I think visually it's okay, because you are assuming, and probably can assume, that users realise the extra help text is only referring to the BCC part (right? now I'm not sure).
In my extended-label example (the second one with spans and stuff), you could place the text mostly where you wanted, while semantically putting it where you think the right place is.
Yeah, you can stuff any kind of inline into an inline label, pretty much anywhere. However what I've done so far regarding help text and labels is, the main "label" part I've put first: both visual users and screen reader users, once they're comfortable with computers, tend to skim. Nobody likes actually reading web content so I put the actual label stuff first. like
<label for="foo">First name: <span>any special hints/help about the first-name input</span></label>
A skimmer gets the first-name part. People are more likely to skim if they've filled out the form once before... someone filling it in again doesn't have to listen to the help text first before being certain that this is the first-name field for example.
But that's not any hard or fast rule. You're pretty free to do what works best with your content.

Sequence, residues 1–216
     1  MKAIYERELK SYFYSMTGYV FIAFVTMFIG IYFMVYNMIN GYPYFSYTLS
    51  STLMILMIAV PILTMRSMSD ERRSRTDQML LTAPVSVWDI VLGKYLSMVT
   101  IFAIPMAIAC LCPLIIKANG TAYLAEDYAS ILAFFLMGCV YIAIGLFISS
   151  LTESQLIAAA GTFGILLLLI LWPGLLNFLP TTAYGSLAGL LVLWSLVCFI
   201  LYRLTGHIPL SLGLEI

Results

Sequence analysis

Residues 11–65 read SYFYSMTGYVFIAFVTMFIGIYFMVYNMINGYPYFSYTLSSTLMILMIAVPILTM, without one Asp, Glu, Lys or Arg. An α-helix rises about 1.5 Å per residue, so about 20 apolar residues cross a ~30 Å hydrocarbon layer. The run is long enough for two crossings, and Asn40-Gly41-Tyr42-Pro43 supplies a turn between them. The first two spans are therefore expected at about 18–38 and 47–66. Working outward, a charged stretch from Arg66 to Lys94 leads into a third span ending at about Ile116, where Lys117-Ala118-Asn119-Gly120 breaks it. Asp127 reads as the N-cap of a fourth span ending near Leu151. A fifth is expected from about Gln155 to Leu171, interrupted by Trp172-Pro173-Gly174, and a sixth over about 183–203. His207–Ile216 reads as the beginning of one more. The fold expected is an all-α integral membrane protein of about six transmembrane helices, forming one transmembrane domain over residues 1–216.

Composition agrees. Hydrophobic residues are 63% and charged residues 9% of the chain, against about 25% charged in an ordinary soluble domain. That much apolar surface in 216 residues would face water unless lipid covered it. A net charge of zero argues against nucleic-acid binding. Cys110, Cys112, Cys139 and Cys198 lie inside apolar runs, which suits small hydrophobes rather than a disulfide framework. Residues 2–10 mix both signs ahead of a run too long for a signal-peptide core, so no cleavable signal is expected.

Does the full instruction belong to both? You could explicitly state that, and have the aria association with the first one, since logically people should hit that one first.
Aria-describedby is not limited to a single recipient.
<p id="someID">This is help text</p>
and more than one input may refer to it
<input type="text" aria-describedby="someID">
<input type="checkbox" aria-describedby="someID">
This works, though long text may cause annoyance
Another note on aria-describedby, since Marco Zehe reminded me of it: this is something that, in SR's with a virtual buffer, only get activated/read out when the userr focusses on the thingie with aria-describedby. Not before, and not if you hang it on a non-focusable.
So if using aria-describedby, that help text only gets announced if the user focusses on the input. Now usually this is what happens with labels (when you focus on an input, the label gets read out, along with input type and sometimes other things), but a label can be accessed separately if someone wants to.
They're solutions with HTML/HTML5.
The first rule of ARIA is, use proper HTML elements and no ARIA, if possible
ARIA exists because we simply build things that don't have a good HTML representation, and might never. Widgets and stuff. ARIA attempts to make that stuff as accessible as the base HTML elements. But in any case, they must work together.
<label for="foo">This button Does Stuff!</label>
<button id="foo">Press me!</button>
is better than
<h2 id="heading">This button Does Stuff!</h2>
<span role="button" tabindex="0" aria-labelledby="heading">Press me!</span>